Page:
One of the most important chapters of my research has recently been published in the journal Marine Policy. The paper explains that scuba dive tourism focused on small critters (“muck diving”) has a very high value and how muck diving can be a sustainable alternative to more destructive uses of the environment. This is the link to the paper, but since it is behind a paywall, is rather detailed and perhaps a bit to dry for those of you who are not economists, below is a summary that is easier to digest.
If you don’t know what muck diving is, I invite you to have a look through this site to get a feel for it. But in short: muck diving is scuba diving in sandy areas, usually without coral or other landscape features. The goal is to find weird critters (like flamboyant cuttlefish or hairy frogfish) that you’d rarely see on normal dive sites. It is very popular in places like Lembeh Strait and Dauin in Southeast Asia, but it is done by divers and photographers all over the world.
Typical for muck diving is that the people doing it are very experienced, with an average of 580 logged dives. Most of them (73.5%) use underwater cameras, often the expensive dSLR cameras, to photograph all the weirdness down there. Many of the divers are well-educated and have a high yearly incomes. Importantly, most divers would be willing to pay for marine conservation if it benefits the species they come to see.
So what does it matter if some fanatic divers like to spend their holidays rooting through the sand instead of cruising by pretty coral reefs? Well, for starters, those fanatic divers spend a combined whopping $152 million per year in Indonesia and Philippines alone. The real value is probably much higher, as this estimate is only for dive centres that specialise in muck diving, and does not include liveaboards or more general dive centres that visit muck dive sites. The real value could be over $200 million per year! Also bear in mind that this number is for Indonesia and Philippines only, it does not include muck dive tourism in Malaysia, Papua New Guinea, or the rest of the world. With more than 100,000 divers visiting Indonesia and the Philippines to go muck diving, you would expect to get the attention of people managing tourism or ocean resources. Especially since many of the divers said they would not have visited the region, or even the country, if they could not muck dive.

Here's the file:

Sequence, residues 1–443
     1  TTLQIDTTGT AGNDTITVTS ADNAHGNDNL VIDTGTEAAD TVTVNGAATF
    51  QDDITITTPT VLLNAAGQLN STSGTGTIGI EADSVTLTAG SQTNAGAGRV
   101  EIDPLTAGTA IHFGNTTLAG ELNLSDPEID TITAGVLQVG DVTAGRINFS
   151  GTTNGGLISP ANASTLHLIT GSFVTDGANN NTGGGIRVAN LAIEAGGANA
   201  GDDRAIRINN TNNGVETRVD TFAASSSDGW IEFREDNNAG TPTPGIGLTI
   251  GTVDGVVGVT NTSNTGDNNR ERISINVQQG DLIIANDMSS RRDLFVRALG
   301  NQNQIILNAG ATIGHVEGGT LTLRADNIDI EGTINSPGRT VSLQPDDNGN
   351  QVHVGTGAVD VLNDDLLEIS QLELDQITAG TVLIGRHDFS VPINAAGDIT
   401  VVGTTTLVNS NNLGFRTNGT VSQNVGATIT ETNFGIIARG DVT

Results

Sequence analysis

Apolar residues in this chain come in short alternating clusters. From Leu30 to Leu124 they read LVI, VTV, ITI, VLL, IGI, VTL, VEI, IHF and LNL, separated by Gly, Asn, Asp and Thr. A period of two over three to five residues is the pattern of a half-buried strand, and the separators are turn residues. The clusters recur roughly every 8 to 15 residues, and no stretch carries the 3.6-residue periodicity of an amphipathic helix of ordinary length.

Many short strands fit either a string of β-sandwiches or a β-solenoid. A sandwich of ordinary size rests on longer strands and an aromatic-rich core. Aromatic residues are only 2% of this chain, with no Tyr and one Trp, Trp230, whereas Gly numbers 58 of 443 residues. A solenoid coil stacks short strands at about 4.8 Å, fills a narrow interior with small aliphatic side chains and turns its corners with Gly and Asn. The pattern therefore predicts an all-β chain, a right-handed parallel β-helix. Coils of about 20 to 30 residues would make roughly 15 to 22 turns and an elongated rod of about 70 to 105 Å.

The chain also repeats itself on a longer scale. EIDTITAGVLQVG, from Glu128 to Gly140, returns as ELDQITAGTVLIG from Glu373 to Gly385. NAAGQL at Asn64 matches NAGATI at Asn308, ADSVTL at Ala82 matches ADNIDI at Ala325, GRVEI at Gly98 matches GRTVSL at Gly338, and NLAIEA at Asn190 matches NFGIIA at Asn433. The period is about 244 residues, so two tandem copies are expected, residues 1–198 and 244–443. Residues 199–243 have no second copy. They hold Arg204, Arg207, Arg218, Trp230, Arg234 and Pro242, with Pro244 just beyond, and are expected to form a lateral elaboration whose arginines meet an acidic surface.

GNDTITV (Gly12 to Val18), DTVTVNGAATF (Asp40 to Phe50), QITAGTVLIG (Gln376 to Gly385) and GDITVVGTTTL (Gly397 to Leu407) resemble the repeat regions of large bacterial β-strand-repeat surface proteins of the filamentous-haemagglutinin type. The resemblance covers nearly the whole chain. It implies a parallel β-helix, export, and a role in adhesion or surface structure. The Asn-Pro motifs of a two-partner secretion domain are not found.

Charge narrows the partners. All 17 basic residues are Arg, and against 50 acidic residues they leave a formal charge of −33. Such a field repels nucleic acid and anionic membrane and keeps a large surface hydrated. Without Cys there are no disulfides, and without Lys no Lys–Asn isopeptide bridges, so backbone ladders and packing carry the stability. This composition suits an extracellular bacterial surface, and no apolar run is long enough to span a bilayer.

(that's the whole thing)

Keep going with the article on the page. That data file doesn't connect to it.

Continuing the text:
While these numbers might not change anything in your life, they make a huge difference for the thousands of local people that work in this branch of the dive industry. Muck diving is often done in remote locations with limited other forms of income besides fishing. Working as a dive guide and looking at fish is not only more sustainable than catching fish, it also pays a lot better. Roughly $51 million is paid in wages to the local staff working in muck dive tourism annually, and dive guides can earn nearly 3 times more than the minimum wages in the area….
Just stop and think about that for a minute. Imagine the minimum wage in your own country, now triple it. Got the number? OK, now imagine this choice: you can either make that amount by showing cool animals to divers, or you can work your ass off in a factory or risk your life fishing for a third of that amount. Small wonder that many people prefer the first choice, which is great news for marine life in the area, because it means less people fishing and more people trying to protect this valuable source of income.
That is what it comes down to in the end, protecting these extremely interesting and valuable ecosystems. Make no mistake, muck sites can be threatened as well. Coral reefs might bleach because of climate change, mangroves might be cut to make space for shrimp ponds and seagrass might be dredged to mine for sand, but sandy habitats could face other risks with equally bad consequences. All the habitats above receive far more research and conservation attention than the “barren” sandy sites in the tropics. If this paper proves anything, it is that soft sediment habitats have a very high value, and that it should get more attention to avoid loosing amazing biodiversity and the subsequent loss of income for the thousands of people that depend on it.
And that does not even consider loosing that feeling of pure joy when you finally find a critter you’ve dreamed of seeing for years 😉